Bladder Cancer Staging

Win the Fight Against Bladder Cancer!



Bladder cancer staging

If bladder cancer is diagnosed, the doctor needs to know the stage, or extent, of the disease to plan the best treatment. Staging is a careful attempt to find out whether the cancer has invaded the bladder wall, whether the disease has spread, and if so, to what parts of the body. This is called bladder cancer staging.

The doctor may determine the stage of bladder cancer at the time of diagnosis, or may need to give the patient more tests. Such tests may include imaging tests -- CT scan, magnetic resonance imaging (MRI), sonogram, intravenous pyelogram, bone scan, or chest x-ray. Sometimes staging is not complete until the patient has surgery.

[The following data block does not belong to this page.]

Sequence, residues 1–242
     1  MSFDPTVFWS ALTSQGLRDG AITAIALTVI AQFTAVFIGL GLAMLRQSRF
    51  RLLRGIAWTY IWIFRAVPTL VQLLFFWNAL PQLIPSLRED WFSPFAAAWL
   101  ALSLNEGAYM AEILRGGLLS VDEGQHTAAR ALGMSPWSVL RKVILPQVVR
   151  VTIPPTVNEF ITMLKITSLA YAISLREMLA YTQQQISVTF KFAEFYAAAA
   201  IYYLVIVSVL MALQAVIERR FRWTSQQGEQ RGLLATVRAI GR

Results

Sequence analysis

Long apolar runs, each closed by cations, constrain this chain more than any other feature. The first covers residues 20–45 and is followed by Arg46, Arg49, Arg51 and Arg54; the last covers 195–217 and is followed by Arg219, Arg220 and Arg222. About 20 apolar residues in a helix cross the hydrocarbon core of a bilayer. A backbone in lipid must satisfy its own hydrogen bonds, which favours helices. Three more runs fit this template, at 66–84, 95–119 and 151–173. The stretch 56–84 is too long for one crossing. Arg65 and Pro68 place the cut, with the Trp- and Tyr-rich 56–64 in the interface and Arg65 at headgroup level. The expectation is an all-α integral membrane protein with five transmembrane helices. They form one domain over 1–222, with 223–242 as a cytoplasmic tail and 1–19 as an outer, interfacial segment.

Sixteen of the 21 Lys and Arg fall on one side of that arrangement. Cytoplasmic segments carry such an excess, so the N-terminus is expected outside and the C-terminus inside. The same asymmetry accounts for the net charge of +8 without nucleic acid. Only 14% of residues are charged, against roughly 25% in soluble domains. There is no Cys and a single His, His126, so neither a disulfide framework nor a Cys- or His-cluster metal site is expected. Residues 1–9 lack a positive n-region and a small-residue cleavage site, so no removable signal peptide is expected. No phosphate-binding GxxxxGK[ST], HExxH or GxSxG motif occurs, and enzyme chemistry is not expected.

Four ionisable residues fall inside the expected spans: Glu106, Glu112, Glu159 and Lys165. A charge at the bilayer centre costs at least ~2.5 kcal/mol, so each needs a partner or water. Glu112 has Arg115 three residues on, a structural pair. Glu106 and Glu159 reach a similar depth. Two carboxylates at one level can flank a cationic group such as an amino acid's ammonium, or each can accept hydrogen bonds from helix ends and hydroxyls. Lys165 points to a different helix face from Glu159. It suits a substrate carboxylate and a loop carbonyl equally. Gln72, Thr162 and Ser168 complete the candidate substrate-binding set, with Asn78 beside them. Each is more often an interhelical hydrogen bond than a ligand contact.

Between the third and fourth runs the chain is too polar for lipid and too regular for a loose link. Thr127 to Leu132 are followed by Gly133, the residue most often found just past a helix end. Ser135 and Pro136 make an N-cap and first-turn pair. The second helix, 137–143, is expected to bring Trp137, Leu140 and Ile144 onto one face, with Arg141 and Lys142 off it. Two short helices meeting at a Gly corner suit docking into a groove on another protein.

These are the main features of each stage of the disease:

Stage 0 -- The cancer cells are found only on the surface of the inner lining of the bladder. The doctor may call this superficial cancer or carcinoma in situ.

Stage I -- The cancer cells are found deep in the inner lining of the bladder. They have not spread to the muscle of the bladder.

Stage II -- The cancer cells have spread to the muscle of the bladder.

Stage III -- The cancer cells have spread through the muscular wall of the bladder to the layer of tissue surrounding the bladder. The cancer cells may have spread to the prostate (in men) or to the uterus or vagina (in women).

Stage IV -- The cancer extends to the wall of the abdomen or to the wall of the pelvis. The cancer cells may have spread to lymph nodes and other parts of the body far away from the bladder, such as the lungs.





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